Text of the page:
Steven Schick, percussion
James Avery, piano
Katalin Lukács, piano
Pavlos Antoniadis, celesta
red fish blue fish
Stockhausen’s early percussion music is among the most visionary of the percussion repertoire. This unique collection features some works which are almost impossible to find elsewhere.
Zyklus was not only a novel composition in terms of its treatment of time and structure, it was also the first percussion solo ever performed.
Kontakte, a masterpiece for piano and percussion with 4-channel tape, challenges to performers to play together and to make the maximum number of “contacts” with the tape. Schick and Avery have performed this work together for decades, and this recording shows that experience to full effect. Mode’s new transfers from the analog tapes for this recording reveal greater detail and low end frequency response. FIRST RELEASE IN SURROUND!
Mikrophonie calls for six percussionists playing a single instrument – a giant 60" tam-tam. Three musicians activate the instrument from either side. One player performs on the tam-tam using a large array of mallets and small objects, a second holds a highly directional microphone and also plays the tam-tam, and the third is a sound designer who sits in the hall and regulates settings for volume, filtration and spatial diffusion of the sounds. The result is an extraordinary and theatrical sound world.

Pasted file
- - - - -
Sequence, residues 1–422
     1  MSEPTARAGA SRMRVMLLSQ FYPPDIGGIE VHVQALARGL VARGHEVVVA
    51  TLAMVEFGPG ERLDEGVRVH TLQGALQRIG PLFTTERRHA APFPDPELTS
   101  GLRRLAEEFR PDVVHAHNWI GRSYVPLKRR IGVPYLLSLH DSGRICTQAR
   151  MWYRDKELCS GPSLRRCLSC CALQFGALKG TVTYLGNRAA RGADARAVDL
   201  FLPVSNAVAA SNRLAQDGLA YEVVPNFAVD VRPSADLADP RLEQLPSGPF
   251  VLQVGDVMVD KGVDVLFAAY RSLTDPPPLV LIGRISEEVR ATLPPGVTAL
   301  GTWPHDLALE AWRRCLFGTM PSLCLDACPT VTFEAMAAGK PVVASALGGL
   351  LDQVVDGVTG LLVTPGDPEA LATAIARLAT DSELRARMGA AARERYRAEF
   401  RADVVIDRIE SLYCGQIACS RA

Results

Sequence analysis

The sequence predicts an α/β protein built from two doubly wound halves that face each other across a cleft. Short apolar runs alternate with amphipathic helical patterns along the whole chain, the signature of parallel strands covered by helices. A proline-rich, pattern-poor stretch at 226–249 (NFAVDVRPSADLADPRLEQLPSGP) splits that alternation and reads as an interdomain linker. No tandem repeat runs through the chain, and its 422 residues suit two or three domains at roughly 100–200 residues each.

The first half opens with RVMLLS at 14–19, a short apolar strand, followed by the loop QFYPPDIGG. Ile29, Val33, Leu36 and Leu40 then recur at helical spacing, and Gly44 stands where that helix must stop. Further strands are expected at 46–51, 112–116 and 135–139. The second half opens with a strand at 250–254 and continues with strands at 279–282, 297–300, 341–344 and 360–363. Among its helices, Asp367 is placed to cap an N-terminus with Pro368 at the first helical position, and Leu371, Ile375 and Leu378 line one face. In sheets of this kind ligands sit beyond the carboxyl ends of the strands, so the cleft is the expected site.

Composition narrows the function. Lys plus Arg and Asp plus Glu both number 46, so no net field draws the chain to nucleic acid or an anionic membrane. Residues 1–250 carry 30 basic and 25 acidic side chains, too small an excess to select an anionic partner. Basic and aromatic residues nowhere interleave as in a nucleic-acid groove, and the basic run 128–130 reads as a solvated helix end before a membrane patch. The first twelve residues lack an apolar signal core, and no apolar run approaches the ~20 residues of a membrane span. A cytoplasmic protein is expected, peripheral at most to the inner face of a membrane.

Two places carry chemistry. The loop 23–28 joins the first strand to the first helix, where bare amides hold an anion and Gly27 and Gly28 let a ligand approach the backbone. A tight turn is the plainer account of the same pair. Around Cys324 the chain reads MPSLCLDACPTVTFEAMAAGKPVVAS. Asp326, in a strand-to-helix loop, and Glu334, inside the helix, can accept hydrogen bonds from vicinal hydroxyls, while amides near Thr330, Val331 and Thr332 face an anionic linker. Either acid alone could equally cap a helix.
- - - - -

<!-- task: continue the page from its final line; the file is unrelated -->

In Refrain, the three performers produce an array of pure tones from their primary instruments to noisy shouted syllables and tongue clicks. In the most complex passages, the sounds merge nearly completely.
Schlagtrio is one of Stockhausen’s earliest published pieces. Rather than articulating the differences between piano and percussion, he is interested in creating a continuum between the two.
Available as a 2-CD set OR on a single DVD: The DVD edition features full video with stereo, and Dolby Digital or DTS 5.1 surround options.
DVD BONUS: 3 interviews with Schick on the music:
– on Zyklus
– with James Avery on Kontakte
– with red fish blue fish on Mikrophonie